UK resident Anthony White, 81, came to Tobago in March 2020 for a vacation.
Seventeen months and a pandemic later, he feels more like a prisoner than a visitor.
In an interview with Newsday on Monday, White said he is desperate to return to his home country.
“I have been visiting the island since 1999. I have a partner here, so I am a regular visitor – but I normally come here for three or four months and go home. That’s fine, but I’ve really never experienced this length of stay in this island.”
He said after he arrived in Tobago, approximately ten days later the Government closed the borders.
Although the international borders were officially closed, a number of repatriation flights were permitted to allow foreigners to leave. Former British High Commissioner to TT Tim Stew, on his Twitter account last year, reported that British Airways repatriation flights would be available on March 23, 24 and 26, "thanks to the TT Government."
The UK Government later organised repatriation flights on June 3 and 4.
But White chose to stay, not thinking the pandemic would last almost two years.
“I had only just arrived, and I thought of taking it, but then I thought no, because I had come here to see my partner and then the other thing – I had no idea how absolutely serious this whole thing was.”
Since then he has been coping through the various lockdowns and a state of emergency, which was recently extended to November.
“I feel as if I am in an open prison, which as you may understand is hugely depressing.”
He added: “Being 81, I like a smooth ride. I get worried with the feeling that nothing is really going on, so it’s really, really difficult.”
Additionally, currently TT is on the red list for entering England.
“This results in when I finally leave this island, I will have to endure a rigid quarantine in a London hotel for ten days, at a cost of over £2,000 (approximately TT$19,000). The fact that I have had two AstraZeneca jabs makes no difference.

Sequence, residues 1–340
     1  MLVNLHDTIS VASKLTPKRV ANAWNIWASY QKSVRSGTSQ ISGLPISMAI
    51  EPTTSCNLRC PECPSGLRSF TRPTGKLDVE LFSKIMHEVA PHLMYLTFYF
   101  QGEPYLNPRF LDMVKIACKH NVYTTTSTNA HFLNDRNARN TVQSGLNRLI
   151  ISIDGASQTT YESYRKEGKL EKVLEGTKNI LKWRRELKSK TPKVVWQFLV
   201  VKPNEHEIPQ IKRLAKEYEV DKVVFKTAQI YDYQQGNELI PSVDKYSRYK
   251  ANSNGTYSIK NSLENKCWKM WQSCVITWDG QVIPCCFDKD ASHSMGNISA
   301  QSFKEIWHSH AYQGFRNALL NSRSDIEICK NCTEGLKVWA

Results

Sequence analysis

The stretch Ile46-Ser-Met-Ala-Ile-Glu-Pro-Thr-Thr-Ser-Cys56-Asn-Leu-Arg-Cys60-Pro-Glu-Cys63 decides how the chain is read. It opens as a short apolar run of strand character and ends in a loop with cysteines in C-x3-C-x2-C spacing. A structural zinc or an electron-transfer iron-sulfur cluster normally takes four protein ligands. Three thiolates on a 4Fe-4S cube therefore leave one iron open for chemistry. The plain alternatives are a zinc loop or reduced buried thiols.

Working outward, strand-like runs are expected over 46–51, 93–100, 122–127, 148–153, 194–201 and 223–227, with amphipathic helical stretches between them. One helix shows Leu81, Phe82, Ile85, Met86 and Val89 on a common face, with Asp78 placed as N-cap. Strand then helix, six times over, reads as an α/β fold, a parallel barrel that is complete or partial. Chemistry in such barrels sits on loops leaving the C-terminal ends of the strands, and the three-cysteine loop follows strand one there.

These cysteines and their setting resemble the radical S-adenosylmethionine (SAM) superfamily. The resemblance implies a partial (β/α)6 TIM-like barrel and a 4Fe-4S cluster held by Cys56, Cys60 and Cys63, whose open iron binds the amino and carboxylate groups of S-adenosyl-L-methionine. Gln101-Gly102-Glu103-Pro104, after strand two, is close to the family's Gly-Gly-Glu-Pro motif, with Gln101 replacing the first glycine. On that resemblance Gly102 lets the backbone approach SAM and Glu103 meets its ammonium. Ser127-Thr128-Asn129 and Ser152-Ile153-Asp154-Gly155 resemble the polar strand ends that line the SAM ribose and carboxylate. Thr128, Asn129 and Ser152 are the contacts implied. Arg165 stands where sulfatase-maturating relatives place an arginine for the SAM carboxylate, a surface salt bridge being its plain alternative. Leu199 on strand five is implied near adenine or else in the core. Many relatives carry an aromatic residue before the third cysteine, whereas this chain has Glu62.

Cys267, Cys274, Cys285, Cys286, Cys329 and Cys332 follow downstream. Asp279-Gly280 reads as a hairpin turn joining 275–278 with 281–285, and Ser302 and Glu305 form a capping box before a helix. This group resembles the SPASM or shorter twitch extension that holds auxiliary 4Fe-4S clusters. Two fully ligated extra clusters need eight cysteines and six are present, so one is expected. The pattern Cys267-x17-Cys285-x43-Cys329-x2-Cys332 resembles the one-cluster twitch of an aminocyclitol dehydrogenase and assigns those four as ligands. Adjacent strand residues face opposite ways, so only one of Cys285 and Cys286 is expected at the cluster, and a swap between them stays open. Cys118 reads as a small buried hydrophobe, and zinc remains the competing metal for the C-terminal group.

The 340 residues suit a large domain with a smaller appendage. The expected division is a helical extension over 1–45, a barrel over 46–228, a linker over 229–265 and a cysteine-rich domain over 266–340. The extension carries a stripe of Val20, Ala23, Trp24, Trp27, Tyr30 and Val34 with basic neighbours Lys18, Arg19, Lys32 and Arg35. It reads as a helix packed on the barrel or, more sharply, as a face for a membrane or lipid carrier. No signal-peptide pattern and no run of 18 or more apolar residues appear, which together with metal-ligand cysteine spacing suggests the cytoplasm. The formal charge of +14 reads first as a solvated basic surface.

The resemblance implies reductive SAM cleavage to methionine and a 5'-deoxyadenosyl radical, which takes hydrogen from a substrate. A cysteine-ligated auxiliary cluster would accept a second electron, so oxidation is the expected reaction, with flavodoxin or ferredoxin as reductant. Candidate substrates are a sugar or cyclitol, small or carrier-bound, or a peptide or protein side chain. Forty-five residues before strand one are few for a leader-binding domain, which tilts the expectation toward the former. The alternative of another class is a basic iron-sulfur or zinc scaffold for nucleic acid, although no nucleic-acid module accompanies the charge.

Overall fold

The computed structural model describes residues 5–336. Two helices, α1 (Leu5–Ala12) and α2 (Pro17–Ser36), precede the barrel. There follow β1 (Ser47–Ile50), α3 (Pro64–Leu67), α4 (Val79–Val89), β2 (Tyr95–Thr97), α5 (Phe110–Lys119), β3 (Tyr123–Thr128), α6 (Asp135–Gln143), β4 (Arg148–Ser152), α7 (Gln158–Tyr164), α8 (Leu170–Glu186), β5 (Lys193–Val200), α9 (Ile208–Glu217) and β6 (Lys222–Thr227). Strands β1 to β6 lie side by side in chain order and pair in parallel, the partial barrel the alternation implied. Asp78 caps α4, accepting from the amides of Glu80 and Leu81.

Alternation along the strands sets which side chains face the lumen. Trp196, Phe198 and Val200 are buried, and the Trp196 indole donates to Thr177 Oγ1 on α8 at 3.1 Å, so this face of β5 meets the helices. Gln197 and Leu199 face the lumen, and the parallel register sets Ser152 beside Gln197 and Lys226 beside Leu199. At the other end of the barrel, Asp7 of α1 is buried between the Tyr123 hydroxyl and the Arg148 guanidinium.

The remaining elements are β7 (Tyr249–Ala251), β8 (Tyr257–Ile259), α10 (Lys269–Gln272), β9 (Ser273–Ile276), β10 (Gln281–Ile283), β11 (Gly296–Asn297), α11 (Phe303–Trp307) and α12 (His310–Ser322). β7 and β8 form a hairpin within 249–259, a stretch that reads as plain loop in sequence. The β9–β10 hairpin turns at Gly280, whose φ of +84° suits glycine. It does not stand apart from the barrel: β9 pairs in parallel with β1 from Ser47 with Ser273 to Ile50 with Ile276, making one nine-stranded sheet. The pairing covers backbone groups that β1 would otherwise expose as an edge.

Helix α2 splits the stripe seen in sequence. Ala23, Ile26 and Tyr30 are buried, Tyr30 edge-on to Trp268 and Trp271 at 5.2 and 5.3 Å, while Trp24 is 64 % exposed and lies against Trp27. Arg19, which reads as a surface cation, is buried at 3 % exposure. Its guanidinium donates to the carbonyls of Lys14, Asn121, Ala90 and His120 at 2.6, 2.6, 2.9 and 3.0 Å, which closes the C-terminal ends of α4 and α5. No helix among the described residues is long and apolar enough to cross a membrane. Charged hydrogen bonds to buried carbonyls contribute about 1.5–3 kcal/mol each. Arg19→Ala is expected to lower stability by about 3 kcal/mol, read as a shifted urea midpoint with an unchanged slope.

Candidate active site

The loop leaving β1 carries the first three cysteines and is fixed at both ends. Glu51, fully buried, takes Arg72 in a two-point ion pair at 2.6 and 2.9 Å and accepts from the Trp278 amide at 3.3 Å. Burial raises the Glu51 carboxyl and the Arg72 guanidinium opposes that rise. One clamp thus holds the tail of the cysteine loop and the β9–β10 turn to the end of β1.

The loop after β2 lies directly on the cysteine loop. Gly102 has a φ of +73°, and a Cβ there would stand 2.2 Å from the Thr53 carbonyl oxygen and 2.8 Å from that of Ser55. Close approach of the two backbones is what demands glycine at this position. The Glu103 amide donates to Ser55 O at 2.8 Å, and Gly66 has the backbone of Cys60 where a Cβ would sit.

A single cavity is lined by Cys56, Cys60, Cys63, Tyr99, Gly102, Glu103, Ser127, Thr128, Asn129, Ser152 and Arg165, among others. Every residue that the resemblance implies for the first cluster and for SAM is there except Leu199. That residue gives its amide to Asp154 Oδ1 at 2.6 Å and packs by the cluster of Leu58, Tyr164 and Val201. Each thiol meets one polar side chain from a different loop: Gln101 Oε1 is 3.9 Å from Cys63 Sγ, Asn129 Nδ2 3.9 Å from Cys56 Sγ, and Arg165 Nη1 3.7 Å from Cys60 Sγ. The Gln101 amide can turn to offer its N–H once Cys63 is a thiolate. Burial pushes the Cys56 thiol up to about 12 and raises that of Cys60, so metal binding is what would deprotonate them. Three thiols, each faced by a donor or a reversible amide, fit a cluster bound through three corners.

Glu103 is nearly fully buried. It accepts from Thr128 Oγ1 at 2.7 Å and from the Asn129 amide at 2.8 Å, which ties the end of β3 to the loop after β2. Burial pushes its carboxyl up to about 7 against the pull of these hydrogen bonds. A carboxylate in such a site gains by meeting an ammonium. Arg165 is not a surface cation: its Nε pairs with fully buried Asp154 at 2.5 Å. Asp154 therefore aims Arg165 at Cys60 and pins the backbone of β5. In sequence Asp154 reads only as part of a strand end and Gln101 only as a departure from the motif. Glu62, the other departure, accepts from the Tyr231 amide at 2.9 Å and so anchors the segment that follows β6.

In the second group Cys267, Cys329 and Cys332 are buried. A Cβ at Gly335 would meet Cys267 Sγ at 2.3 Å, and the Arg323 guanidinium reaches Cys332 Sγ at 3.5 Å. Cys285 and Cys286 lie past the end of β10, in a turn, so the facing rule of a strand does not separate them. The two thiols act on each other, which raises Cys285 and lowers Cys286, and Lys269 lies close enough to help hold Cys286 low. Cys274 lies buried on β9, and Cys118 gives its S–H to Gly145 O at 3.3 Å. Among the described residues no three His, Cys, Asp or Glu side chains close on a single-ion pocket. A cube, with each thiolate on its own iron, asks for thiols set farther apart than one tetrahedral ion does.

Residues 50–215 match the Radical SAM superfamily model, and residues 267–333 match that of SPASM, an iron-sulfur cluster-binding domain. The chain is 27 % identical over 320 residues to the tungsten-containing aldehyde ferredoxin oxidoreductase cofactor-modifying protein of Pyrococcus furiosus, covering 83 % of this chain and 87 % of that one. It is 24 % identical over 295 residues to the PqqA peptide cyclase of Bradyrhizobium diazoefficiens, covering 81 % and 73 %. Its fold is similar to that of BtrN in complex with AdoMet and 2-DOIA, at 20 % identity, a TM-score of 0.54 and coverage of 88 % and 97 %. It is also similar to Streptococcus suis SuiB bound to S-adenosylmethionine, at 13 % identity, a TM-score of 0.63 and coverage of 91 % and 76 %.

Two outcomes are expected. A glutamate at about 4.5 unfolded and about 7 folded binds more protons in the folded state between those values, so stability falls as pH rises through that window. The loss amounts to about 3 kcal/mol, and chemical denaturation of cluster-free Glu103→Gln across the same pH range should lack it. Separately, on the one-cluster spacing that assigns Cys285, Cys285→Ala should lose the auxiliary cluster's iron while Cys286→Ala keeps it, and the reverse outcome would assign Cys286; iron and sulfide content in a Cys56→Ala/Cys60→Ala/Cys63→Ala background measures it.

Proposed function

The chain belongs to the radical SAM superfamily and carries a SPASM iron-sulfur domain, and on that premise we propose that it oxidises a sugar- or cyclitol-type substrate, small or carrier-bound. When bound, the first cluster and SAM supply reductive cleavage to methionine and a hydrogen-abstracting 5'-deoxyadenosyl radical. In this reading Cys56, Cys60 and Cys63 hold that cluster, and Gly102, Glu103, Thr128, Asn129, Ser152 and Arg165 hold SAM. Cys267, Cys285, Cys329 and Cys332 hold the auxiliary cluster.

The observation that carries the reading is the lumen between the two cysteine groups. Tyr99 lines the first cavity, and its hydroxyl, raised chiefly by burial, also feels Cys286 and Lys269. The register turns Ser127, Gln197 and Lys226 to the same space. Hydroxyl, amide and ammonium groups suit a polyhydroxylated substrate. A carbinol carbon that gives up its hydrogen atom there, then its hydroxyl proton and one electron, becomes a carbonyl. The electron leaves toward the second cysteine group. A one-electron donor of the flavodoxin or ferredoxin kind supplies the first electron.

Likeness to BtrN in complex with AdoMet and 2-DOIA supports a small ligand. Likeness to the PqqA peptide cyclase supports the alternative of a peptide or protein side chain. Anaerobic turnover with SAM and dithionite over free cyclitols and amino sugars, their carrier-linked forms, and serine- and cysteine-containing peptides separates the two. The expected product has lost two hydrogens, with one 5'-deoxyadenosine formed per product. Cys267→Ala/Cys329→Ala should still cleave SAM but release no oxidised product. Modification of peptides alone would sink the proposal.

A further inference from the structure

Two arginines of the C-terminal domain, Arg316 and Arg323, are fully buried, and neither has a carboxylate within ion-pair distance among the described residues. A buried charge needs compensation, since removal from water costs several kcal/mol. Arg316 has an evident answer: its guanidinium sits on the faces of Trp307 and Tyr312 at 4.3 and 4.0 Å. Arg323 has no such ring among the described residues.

"I don’t really have that (money), but they don’t seem to care – they just said, 'Well, those are the regulations.'”
He said he has tried several times to contact the British High Commission to assist in repatriating him, but these attempts proved futile.
“I have written things to them on their website and they just say the usual thing: 'We’ll get back to you.'
"This has now been going on for about three weeks and I felt that I shouldn’t just accept this, so I’ve written to the Foreign Secretary who is obviously in charge of all these high commissions on a whole.”
But in a response to questions from Newsday on Monday, the British High Commission said it informed White about the repatriation flights last year and "provided consular assistance to him."
The commission said the UK government has no plans to arrange any further charter flights to the UK.
"As Mr White will be aware, commercial flights are now available to travel from Trinidad to the UK since the government reopened its borders on 17 July...Mr White should contact his local travel agent to explore commercial travel options. Our priority remains providing tailored consular assistance to those British nationals overseas that need our help the most. British nationals requiring emergency consular assistance while in T&T can call our consular team 24/7 at +1868 350 0444."
White said the situation has left him depressed.
"Sometimes, in my darkest moments, I feel that I am not going to be able to get home – that’s a very dark thought. It's incredibly depressing because I am really doing nothing here – it really does feel as if I am stuck in Goodwood, kind of marooned. I really don’t see any kind of resolution at the moment.”
White is also worried about being infected with covid19.
“The fear I have is that I might catch this covid19 and end up in that Scarborough Hospital, and I feel very insecure in a hospital like that. The only place I want to be if I have to get it is where I live, because I have a fair amount of confidence in the doctors, but here I have absolutely zero confidence in the Scarborough Hospital and all that it offers or doesn’t offer.
"It's just a feeling of great insecurity, that is how I feel, and nobody really seems to care.”
As of Monday, Tobago, with a population of 60,000, has 456 active covid19 cases – almost ten per cent of the national total.